No Fault Divorce UK – The Pros & Cons Explained
At the moment, if a married couple decides to get divorced in England and Wales, they must specify a reason why the marriage has broken down.
It is widely expected that the new law for divorce “No-fault Divorce UK” will come into effect in England and Wales during the spring of 2022 – and the forthcoming new divorce laws will dispense with the requirement to provide a reason for the relationship breakdown, thus enabling a no-fault (or no-blame) divorce.
In this simple guide we will explain the meaning of no fault divorce and consider the pros and cons of whether a divorcing couple should wait for the new rules before proceeding with the divorce.
What Is No-Fault/No Blame Divorce?
To get divorced in England and Wales, the matrimonial order (divorce application) must state that there has been an irretrievable breakdown of the marriage.
This assertion needs to be backed up with one of five possible “facts”:
- Examples of unreasonable behaviour
- Living apart for more than two years (with agreement)
- Living apart for more than five years (without agreement)
- Desertion (where one spouse has deserted the other for at least 2 years)
In practice, many divorcing couples end up choosing “unreasonable behaviour” or “adultery” by default, as they do not wish to wait for the length of time required by the other facts before filing for divorce.
The problem is that these two “facts” apportion blame on one party – even if there was no adultery or unreasonable behaviour.
The concept of no-fault divorce enables a couple to get divorced without being forced to use any facts which imply that either party is to blame for the breakdown of the marriage.
In other words, a no-blame divorce allows a couple to get divorced without stating any particular reason for the failure of the marriage.
Various countries have already adopted the concept of no-fault divorce.
In Scotland, the current system comes close, with the ability to get divorced with just one year of separation if the other spouse consents (or else two years of separation).
What is the upcoming no-fault divorce law?
Although there is currently no provision for no-fault divorce in England and Wales, there are plans to introduce it in the Spring of 2022.
The government announced the Divorce, Dissolution and Separation Bill in 2019. Under this new law, the requirement to specify one of the five “facts” will be replaced with a “statement of irretrievable breakdown”.
Either or both divorcing parties will be able to file this new statement, and there will be a simple minimum timeframe of 6 months from the application stage to the final divorce.
Although the irretrievable breakdown of marriage will be retained as the sole ground for divorce, there will be no need for blame to be apportioned to either party under this new system.
The new law also removes the ability for either party to contest a divorce. This will serve to minimise any delays to the divorce process, and further reduce waiting times.
The Divorce, Dissolution and Separation Bill gained Royal Assent in June 2020 and is due to come into force on 6th April 2022.
What are the benefits of waiting for a no-fault divorce?
In the case of divorcing parties who are still living together, it will be necessary for one of them to accept “blame” under the current system – either of adultery or unreasonable behaviour.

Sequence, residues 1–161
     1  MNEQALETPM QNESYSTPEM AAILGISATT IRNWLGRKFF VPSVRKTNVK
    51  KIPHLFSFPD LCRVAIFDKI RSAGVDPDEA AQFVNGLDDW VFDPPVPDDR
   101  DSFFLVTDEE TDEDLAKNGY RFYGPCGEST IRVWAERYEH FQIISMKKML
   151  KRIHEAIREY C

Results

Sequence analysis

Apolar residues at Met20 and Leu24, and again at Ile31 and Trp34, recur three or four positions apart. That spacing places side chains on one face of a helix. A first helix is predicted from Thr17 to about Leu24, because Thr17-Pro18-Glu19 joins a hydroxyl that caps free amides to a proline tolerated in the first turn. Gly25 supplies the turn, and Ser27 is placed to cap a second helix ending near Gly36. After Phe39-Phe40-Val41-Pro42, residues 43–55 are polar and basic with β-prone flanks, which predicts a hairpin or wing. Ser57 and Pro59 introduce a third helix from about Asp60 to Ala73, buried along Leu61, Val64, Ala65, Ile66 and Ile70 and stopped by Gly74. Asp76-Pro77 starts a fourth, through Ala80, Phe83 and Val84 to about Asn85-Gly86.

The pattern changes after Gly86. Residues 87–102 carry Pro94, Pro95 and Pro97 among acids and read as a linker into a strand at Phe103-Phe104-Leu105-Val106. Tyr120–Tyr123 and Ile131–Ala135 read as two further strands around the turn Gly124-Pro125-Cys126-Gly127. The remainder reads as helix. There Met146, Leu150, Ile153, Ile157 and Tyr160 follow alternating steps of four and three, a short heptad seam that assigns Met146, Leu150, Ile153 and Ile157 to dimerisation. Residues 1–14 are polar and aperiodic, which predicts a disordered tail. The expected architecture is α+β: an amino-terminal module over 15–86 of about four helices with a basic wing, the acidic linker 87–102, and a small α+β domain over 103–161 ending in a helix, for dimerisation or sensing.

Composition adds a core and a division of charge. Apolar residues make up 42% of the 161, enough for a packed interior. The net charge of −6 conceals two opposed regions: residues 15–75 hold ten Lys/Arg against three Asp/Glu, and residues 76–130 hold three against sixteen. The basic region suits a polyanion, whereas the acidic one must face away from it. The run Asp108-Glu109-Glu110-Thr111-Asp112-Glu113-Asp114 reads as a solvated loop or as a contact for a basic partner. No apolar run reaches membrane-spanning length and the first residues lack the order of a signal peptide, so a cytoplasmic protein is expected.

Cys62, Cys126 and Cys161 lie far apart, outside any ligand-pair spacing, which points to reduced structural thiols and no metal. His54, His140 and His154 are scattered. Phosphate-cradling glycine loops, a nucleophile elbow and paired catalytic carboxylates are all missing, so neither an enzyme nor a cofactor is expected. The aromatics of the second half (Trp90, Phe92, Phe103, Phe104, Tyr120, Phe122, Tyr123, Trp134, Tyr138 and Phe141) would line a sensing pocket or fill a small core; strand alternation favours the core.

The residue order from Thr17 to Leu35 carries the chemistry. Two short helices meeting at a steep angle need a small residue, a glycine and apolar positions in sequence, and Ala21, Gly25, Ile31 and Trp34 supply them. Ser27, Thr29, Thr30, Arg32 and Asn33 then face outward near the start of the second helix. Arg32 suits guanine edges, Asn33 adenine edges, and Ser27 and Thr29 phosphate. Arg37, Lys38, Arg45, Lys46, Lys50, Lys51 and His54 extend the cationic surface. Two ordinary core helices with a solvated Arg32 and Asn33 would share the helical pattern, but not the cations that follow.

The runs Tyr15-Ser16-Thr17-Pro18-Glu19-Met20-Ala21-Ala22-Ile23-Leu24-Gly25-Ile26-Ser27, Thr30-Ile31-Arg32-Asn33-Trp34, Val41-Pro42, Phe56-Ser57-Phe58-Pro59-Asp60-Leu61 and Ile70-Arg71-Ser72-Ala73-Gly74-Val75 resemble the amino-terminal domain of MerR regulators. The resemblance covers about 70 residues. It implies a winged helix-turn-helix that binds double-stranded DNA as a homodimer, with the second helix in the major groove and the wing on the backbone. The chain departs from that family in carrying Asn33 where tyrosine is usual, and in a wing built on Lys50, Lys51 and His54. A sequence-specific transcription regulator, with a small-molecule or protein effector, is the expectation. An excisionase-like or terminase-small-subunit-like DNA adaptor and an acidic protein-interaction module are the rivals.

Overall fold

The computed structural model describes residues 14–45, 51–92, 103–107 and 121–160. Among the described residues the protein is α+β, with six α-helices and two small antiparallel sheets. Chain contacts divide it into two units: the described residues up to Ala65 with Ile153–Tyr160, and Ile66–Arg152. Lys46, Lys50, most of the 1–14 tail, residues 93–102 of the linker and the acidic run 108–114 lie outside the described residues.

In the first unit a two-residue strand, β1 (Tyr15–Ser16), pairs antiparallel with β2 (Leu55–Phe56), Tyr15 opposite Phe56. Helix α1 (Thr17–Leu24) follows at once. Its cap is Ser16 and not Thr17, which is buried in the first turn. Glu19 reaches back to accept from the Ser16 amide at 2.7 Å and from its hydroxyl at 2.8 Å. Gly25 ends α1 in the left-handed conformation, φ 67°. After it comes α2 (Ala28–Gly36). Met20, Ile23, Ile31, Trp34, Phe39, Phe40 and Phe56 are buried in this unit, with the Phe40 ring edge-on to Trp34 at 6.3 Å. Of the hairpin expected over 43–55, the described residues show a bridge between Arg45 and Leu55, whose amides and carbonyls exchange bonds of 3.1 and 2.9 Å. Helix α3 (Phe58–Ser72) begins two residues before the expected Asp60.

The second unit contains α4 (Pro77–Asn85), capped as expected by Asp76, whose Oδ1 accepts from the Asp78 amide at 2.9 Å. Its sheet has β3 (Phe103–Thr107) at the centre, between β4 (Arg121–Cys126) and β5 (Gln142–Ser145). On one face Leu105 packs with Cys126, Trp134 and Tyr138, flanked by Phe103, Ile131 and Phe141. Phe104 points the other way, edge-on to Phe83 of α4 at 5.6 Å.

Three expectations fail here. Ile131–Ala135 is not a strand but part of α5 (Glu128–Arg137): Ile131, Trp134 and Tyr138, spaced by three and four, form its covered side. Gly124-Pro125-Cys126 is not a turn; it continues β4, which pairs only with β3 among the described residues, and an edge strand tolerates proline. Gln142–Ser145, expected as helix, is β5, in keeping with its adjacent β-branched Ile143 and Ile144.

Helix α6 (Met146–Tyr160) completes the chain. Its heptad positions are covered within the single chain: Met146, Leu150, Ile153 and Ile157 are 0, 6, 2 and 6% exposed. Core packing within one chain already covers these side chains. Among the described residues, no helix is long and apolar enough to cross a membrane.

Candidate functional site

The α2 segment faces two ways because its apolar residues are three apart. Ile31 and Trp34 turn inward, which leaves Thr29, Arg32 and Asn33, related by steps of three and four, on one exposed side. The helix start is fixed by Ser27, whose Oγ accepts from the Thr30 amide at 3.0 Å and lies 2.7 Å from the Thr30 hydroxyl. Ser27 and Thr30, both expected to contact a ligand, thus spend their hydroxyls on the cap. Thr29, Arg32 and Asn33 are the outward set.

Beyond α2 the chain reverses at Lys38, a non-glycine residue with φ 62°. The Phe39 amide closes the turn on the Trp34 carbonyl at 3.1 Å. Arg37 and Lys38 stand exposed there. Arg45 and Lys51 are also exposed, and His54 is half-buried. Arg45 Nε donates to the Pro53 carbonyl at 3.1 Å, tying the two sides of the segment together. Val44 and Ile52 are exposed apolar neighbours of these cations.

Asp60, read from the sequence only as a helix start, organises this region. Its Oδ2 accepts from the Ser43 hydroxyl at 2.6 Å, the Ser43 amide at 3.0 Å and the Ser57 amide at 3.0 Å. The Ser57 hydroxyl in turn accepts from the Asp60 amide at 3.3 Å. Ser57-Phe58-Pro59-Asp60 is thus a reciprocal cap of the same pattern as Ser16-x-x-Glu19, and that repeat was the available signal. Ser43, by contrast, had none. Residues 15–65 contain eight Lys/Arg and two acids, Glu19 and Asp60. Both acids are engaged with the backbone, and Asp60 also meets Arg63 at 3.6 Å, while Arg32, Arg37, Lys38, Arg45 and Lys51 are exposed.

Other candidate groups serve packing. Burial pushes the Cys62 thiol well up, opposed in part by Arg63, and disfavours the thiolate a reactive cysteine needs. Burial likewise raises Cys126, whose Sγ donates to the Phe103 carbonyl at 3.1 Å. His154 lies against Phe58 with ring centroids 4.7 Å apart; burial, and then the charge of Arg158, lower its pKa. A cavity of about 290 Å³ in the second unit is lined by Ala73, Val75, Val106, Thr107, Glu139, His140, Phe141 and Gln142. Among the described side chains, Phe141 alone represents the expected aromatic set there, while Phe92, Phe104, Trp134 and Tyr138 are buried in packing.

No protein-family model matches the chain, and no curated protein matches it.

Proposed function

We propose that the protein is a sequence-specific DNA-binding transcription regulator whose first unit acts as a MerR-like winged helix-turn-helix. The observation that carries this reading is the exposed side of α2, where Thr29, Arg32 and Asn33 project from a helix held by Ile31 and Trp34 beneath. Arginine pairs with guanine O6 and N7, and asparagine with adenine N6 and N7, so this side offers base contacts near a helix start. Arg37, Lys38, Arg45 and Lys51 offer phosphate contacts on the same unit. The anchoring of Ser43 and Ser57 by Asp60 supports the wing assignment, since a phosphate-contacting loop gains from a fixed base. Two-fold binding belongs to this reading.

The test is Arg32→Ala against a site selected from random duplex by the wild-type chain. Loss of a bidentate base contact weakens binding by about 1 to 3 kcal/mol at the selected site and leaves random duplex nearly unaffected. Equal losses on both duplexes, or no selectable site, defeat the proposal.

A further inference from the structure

If neither party is prepared to accept this blame, it may be best to wait until a no-fault divorce is possible.
Equally, if only one spouse wants to get a divorce and it is likely to be contested by the other party, it will probably be better to wait for the new rules.
Under the new rules, it won’t be possible to contest a divorce, which can currently lead to long delays and legal wrangling.
Arguments against no fault divorce UK
If both spouses agree to the divorce, and one party is willing to accept the “blame”, there is little point waiting for the new rules.
This will just unnecessarily delay the divorce.
Although the no-blame divorce rules are expected to come into force in spring 2022, it is possible that there could be issues that lead to further delays.
The court system already has a backlog of cases, so waiting for a divorce to get processed under the new rules may simply mean a longer wait until you can remarry or move on with your life.
The divorce procedure will take a minimum of 6 months to complete when no-fault becomes law, so you could be putting off dealing with your divorce by over 12 months.
How will no-fault divorce change things for married couples?
The new rules being brought forward should generally make it easier for married couples to get divorced.
As soon as either party wants to end the marriage, they will be able to do so, without having to prove why the relationship has broken down.
Currently, the need to apportion blame in order to obtain a divorce can make either divorcing party reluctant to apply for a divorce until they have been living apart for two years.
This can end up prolonging a bad marriage.
The current five reasons for divorce simply do not reflect the reasons why modern marriages fail.
Furthermore, being forced to choose either of the facts which apportion blame can end up causing more arguments and even hindering agreement on a divorce settlement.
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